Ice diamonds are forever.
Now at the beginning of April is a chance for anyone living near Oxford to visit the National Collection of these silver gems.
Anytime is a good time to visit Waterperry Gardens the old home of Waterperry School of Gardening for Girls. The garden and grounds are superb all the year round and the end of the season reaches a crescendo with fantastic michaelmas daisies. The spacious gardens are superbly maintained with a wide range of high quality plants.
It’s a wonderful place for a visit. It includes an unusually well managed ‘up market’ garden centre. The extensive garden facilities are superbly organised and serve excellent food. There is even a small gardening museum.
If Beatrix Havergal could see it today she would be proud.
Miss Havergal’s gardening school for girls
A formidable vicar’s daughter. Hugely eccentric she was loved – and I suspect feared – by many generations of girls who attended the two year residential gardening course. There is nothing like that college today that teaches hands on practical technical horticulture. The girls were taught in an upright godly manner and grew the crops and maintained the grounds from dawn until dusk. There was time left for gentile parties and play. For most of the students it was the best time of their lives. Girls from Waterperry have over the years made a huge contribution to gardening. ‘Trix’ considered their education too good to be wasted on marriage!
‘Old girl’ Mary Spiller has worked and made a huge contribution to Waterperry’s high standards for more than fifty years. I was myself privileged to work with a lovely colleague who was a former pupil. She was also a vicar's daughter and devoted her life to her students.
If you want to get a better flavour of the history of Waterperry read this delightful article in the Oxford post.
Silver saxifrages were the girl’s best friend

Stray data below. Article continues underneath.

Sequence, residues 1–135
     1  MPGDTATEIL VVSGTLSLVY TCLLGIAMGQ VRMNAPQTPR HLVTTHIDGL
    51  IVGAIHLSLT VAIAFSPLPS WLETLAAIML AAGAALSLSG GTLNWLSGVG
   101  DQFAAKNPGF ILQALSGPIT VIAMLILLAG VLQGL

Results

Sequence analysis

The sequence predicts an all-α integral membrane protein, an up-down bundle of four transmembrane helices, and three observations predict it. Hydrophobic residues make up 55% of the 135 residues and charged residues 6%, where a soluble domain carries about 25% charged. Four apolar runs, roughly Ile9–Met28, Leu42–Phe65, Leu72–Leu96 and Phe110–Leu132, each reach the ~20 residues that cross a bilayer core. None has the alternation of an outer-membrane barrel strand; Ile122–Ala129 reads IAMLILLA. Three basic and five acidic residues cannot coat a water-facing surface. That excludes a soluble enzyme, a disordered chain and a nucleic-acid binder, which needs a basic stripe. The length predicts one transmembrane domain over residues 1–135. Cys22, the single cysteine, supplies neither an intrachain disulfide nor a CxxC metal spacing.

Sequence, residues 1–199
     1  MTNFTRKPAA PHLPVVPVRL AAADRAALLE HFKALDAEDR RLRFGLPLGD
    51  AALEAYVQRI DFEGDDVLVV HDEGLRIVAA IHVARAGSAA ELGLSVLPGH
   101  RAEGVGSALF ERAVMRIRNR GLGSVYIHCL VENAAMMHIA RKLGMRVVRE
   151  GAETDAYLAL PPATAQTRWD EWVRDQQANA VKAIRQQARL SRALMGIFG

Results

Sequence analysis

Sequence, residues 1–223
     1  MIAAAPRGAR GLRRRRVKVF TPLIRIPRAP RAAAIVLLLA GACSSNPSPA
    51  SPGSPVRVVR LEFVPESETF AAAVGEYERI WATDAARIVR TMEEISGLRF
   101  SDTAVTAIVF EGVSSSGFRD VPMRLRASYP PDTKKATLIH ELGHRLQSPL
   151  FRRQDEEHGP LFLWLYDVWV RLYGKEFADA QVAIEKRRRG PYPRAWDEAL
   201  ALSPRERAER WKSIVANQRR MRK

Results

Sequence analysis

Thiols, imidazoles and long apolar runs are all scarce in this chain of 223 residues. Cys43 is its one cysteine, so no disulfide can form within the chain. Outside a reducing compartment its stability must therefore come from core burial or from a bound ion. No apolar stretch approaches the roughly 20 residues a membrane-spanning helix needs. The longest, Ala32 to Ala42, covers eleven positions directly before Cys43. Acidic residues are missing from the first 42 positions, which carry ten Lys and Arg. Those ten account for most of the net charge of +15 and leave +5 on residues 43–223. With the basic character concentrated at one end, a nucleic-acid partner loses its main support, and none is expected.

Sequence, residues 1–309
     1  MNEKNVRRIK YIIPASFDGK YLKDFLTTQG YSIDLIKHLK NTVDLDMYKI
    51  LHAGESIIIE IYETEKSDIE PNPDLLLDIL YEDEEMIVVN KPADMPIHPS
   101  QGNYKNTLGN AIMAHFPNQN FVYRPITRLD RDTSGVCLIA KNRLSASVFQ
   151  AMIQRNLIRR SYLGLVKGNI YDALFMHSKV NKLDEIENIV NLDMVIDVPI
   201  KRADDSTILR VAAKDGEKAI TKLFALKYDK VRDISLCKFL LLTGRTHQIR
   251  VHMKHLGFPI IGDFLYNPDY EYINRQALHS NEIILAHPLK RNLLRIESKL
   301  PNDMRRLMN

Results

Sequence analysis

Miss Havergal loved ice diamonds and the tradition has been continued in a kabschia collection curated by Adrian Young, alpine grower and saxifraga sage extraordinaire.
Kabschia saxifrages are one of fifteen classification sections of saxifraga and are difficult to grow. As high alpen plants they grow in very different conditions to here on low ground. They are covered by winter snow and do not experience the vagaries of the UK winter. In spring in the mountains melting snow, wind, intense sunshine and deep nutrient-poor rocky scree terrain contribute to a very special habitat.
At ground level they are likely to be too wet in winter even in very well drained rubble. In summer they suffer from periods of drought and excessive heat.
The solution at Waterperry is clever, efficient and elegant but does require you to forget the growing contraption and imagine yourself there in among miniature mountains composed of three tons of white Canadian tufa.
Tufa is limestone rock with a kind of perforated ‘aerobar’ structure. Not only can plants grow on it they can also root into it.
|An ingenious system to provide ideal growing conditions in this country|
Adrian has created raised beds filled with well drained ‘ballast’. His growing mixture is sharp sand and up to 20mm grit mixed half with peat. Peat is a highly water retentive yet well aerated ingredient infinitely superior to any trendy ‘green’ alternative.
In winter the beds are protected from excessive rain by transparent vinyl sheets. In summer they receive fifty percent shade from wood slats. Overhead permanent spray lines supply regular rain all the year round.
You can see from the pictures how well Adrian Young’s saxifragas grow.
You can read more about Adrian’s work here
|These gorgeous varieties grow together in gentle competition. Note the closely packed leaves characteristic of kabschia saxifrages|
|They just love this mossy tufa and so do I|
|Imagine these as cliffs and note that saxifrages love bright shade|
|March and April is perhaps the best time for alpines|
|Kabschias have a lovely range of colours achieved by very skilled hybridisation|
|The gravel mulch looks good and conserves water|
I myself grow as many as twenty different saxifrage species and varieties but have forgotten their names. I confess I cannot say with certainty whether any are kabschias! I know some are merely ‘mossy’ ones. Kabschias are small ‘hard’ leaved, silvery and bloom early. I know over the years I have lost several that have just faded away. The ‘saxs' that do well for me are the lovely encrusted type.
I am a sucker for any saxifrage
|Waterperry saxifrages love the rain from the overhead watering system. Here in Tigne in the French Alps encrusted saxifrages receive wet spray from the cliff springs|
|Tucked close to an encrusted saxifrage this is the only kabschia I am sure of! It has perhaps survived because the well drained ground retains summer moisture and one of my dwarf pines provides light shade.|
|I think the advantage of the trough is that I don’t forget to water in Summer|
|Saxifrages grow together with my hardy cacti and self seeded Scilla biflora in my gravel garden|